2
$\begingroup$

We know that $\text{BPP} \subseteq \text{BQP}$ but we have no proof that $\text{BPP} \subset \text{BQP}$ (though we have proof that $\text{BQP} \neq \text{BPP}$ with an oracle).

Since Simon's problem (as factoring) is easily solvable by a quantum computer, and in exponential time complexity solvable by a classical computer, that's a hint of the separation between BQP and BPP and therefore this can be a pure NP problem. Am I right?

$\endgroup$
1
  • $\begingroup$ What research and self-study have you done? There are lots of sources that talk about this topic. $\endgroup$
    – D.W.
    Commented Apr 21, 2014 at 14:49

1 Answer 1

5
$\begingroup$

Simon's problem is not a pure NP problem, for two reasons:

  • It is an oracle problem. We are given an oracle for some function $f$. That's not something that you can do within the definition of a NP problem.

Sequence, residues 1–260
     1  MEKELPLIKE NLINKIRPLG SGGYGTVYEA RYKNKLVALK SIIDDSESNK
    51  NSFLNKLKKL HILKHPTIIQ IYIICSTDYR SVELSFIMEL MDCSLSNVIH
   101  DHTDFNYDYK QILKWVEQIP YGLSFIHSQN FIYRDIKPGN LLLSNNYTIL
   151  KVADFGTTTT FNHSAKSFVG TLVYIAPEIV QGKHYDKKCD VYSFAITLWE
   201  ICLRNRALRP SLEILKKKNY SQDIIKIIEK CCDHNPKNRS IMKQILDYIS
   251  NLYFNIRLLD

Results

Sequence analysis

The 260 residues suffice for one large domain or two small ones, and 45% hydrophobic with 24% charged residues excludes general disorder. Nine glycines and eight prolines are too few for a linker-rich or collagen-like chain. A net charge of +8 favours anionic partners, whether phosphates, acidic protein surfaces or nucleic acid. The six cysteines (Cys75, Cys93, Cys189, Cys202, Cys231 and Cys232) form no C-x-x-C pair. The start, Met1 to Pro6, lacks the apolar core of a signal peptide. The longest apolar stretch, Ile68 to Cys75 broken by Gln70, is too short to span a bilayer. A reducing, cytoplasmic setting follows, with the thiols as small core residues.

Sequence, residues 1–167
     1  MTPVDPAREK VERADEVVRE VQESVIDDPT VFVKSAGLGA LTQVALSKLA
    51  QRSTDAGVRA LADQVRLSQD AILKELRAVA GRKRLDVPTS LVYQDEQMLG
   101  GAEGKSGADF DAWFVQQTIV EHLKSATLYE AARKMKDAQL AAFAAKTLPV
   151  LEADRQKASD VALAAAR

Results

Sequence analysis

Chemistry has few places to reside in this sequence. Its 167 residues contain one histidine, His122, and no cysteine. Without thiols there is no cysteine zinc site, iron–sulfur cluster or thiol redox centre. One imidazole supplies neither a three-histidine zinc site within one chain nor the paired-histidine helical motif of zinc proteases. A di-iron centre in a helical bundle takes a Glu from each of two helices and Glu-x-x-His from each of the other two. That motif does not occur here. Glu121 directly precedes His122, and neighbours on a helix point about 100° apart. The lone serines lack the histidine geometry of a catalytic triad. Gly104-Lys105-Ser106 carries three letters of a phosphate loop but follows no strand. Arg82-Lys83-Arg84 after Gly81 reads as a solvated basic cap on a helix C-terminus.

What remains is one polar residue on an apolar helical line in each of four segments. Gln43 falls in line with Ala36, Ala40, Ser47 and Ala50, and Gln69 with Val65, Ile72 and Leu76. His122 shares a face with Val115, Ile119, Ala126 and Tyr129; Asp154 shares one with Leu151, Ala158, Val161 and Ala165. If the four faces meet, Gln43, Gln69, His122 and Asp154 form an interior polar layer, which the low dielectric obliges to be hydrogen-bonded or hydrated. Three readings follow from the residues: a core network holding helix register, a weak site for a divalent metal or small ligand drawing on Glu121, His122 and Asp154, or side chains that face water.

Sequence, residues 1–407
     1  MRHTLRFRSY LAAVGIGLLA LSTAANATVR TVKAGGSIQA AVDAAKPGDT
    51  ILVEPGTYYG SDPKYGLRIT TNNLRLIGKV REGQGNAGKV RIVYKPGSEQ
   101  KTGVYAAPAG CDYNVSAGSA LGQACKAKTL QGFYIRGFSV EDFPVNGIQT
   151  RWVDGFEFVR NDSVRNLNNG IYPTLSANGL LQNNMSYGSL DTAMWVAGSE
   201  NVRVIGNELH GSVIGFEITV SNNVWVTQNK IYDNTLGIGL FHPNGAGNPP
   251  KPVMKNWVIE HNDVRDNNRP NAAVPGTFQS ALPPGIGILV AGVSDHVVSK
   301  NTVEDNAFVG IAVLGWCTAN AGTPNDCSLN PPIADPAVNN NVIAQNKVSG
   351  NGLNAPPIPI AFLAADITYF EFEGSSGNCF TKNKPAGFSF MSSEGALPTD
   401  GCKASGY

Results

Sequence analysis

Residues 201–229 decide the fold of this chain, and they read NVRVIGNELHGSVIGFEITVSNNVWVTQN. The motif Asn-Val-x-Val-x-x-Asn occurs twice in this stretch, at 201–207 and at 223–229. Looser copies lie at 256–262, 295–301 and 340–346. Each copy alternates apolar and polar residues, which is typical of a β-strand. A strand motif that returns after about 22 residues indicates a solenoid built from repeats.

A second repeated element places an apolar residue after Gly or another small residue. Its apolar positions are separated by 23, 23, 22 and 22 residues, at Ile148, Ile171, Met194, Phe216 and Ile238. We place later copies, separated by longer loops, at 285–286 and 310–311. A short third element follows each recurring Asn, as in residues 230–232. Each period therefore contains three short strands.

• It is a promise problem. We are given the promise that $f$ will satisfy a particular property (it is two-to-one, and has a particular structure). That too is not something you can do within the definition of a NP problem.

So Simon's problem is not a problem in the formal complexity class NP; it's just something different. For the same reasons, it's not NP-intermediate, either.

$\endgroup$

Your Answer

By clicking “Post Your Answer”, you agree to our terms of service and acknowledge you have read our privacy policy.

Not the answer you're looking for? Browse other questions tagged or ask your own question.